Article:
Notes and Editorial Reviews
Known for his highly imaginative and philosophical approaches to his musical presentations, Federico Colli is back with a second album on Chandos. Having begun with Scarlatti sonatas, he now turns his hand to the great master J.S. Bach to explore the relationship between Bach’s music for keyboard and what Colli regards as its transcendent quality, its universal beauty. In a personal note for the booklet, Colli explains how he arrived at the extraordinary interpretations captured here. The relationship he explores is discoverable in the Italian Concerto and Partita No. 4, but it is in Ferruccio Busoni’s arrangement of Bach’s Chaconne that the relationship, in his view, becomes clear. Colli offers the listener a vivid interpretation which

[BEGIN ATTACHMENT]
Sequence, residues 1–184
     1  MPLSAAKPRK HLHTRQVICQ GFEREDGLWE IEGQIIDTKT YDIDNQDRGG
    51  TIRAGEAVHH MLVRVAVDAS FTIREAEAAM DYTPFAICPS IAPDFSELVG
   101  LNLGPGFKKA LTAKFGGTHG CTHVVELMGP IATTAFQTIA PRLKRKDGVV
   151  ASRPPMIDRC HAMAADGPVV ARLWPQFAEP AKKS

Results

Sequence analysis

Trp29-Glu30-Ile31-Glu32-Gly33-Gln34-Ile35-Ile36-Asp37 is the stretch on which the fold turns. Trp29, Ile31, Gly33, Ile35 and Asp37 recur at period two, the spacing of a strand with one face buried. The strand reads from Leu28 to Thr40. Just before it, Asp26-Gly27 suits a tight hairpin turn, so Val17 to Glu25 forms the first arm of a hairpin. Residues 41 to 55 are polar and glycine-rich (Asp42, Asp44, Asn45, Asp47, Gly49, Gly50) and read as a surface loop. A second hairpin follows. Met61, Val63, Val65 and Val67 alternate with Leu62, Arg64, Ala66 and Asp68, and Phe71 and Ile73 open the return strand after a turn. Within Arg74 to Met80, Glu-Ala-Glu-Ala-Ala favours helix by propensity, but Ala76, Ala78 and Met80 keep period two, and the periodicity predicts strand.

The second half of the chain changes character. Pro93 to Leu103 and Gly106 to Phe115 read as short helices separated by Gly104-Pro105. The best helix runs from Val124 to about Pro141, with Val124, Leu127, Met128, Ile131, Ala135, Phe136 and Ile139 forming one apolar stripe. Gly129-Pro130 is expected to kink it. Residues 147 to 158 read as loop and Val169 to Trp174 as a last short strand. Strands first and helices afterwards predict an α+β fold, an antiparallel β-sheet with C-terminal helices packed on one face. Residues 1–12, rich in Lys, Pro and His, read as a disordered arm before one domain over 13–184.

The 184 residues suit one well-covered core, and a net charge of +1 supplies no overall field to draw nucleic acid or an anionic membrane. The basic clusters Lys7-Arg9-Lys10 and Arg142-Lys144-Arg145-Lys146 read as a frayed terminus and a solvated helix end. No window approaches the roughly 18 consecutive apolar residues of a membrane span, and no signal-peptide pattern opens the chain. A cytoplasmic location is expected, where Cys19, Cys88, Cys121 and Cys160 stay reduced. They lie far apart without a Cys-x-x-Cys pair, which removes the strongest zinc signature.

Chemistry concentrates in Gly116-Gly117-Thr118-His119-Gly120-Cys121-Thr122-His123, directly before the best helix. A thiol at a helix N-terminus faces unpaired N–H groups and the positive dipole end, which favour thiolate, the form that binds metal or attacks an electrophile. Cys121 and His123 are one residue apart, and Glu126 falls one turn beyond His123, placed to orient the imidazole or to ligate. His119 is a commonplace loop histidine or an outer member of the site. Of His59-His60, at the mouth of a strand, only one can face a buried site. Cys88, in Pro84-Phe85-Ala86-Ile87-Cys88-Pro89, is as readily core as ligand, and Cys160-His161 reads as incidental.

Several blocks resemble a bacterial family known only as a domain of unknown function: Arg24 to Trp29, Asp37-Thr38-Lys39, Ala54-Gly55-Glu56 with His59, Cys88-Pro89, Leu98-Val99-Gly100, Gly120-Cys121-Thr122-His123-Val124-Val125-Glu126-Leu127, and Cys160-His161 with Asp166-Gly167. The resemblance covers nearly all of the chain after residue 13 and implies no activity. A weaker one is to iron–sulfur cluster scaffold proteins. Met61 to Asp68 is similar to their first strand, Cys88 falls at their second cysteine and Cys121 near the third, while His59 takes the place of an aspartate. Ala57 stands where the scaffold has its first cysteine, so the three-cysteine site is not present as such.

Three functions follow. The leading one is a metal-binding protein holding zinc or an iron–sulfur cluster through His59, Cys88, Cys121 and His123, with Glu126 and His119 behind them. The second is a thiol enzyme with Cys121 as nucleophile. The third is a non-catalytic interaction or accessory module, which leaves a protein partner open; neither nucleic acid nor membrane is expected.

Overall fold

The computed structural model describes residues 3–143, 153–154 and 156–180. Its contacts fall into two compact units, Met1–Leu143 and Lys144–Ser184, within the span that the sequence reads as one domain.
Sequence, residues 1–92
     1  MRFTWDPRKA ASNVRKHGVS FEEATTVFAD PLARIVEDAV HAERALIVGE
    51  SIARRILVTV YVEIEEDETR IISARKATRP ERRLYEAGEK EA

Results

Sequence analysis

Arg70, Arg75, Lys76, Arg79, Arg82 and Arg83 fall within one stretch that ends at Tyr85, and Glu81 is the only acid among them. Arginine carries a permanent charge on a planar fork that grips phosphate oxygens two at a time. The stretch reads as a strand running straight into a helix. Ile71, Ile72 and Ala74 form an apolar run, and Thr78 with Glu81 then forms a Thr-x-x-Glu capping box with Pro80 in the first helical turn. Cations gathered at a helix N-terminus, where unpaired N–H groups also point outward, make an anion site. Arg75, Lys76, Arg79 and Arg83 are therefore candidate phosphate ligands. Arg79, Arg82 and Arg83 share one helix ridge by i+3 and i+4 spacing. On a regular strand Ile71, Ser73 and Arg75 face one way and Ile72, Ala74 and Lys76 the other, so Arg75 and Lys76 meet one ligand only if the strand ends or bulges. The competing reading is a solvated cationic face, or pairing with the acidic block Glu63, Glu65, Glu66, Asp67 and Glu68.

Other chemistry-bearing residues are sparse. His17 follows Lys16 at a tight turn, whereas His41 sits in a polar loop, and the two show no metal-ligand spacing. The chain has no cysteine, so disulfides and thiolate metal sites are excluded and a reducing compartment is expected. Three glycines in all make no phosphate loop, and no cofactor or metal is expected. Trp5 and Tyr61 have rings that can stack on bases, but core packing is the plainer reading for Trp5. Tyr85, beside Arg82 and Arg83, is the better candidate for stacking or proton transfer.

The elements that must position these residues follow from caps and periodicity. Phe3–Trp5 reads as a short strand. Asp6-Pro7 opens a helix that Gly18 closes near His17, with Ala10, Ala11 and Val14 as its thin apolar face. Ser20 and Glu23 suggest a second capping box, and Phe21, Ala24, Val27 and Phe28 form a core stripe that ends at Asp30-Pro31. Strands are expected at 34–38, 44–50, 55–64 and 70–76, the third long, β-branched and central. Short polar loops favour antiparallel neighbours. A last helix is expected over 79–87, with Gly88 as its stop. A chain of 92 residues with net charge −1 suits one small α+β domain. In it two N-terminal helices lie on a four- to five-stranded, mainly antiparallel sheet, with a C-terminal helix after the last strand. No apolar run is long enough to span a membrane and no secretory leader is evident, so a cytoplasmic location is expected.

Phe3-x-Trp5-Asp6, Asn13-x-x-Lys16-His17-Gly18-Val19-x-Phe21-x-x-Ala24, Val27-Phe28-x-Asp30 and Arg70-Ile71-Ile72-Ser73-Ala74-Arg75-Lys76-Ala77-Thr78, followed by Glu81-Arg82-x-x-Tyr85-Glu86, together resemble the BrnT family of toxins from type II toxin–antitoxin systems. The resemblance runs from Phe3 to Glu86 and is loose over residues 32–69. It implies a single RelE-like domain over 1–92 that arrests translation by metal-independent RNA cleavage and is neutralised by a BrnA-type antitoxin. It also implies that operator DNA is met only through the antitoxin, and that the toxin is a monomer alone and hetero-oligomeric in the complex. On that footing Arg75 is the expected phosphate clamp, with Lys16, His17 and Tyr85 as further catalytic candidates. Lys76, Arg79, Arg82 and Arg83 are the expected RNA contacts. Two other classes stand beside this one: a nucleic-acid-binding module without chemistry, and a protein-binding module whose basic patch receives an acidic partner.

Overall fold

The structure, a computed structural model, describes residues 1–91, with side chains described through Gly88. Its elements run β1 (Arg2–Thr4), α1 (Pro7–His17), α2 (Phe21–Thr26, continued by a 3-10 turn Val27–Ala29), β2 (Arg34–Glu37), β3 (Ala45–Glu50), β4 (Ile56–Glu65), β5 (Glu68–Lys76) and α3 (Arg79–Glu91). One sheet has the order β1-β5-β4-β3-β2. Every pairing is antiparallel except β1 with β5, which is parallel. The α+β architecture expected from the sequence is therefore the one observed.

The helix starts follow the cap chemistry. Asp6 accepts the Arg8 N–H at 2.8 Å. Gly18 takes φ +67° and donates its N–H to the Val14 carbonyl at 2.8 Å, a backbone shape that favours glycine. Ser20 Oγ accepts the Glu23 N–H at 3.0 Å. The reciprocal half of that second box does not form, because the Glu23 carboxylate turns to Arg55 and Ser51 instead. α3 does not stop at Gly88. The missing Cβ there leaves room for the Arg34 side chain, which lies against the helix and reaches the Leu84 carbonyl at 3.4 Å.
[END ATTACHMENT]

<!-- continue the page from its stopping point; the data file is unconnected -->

links the progress of the piece, rich in symbolic detail, to important stages in the life, and afterlife, of Christ, different re-iterations of the theme and of the tonalities corresponding with key moments in the religious narrative. As always, Colli gives deeply felt and exciting performances, his irrepressible personality and flair evident throughout.
My enthusiasm for this disc is less about Colli’s philosophical ruminations upon the music, however heartfelt they may be, and more about his approach to playing it, which is both compelling and fresh; it combines abundant technical finesse with a visionary grasp of scale and structure, as well as the ability to project extremes of fragility and monumentality (most notably in the Chaconne), and above all to conjure a kaleidoscopic palette of colours and textures from his Steinway. This is an intelligently compiled programme, stunningly performed, in immaculate sound. Do not hesitate.
– Gramophone Read less
Works on This Recording
Italian Concerto, BWV 971 by Johann Sebastian Bach
Federico Colli (Piano)
Written: 1735; Leipzig, Germany
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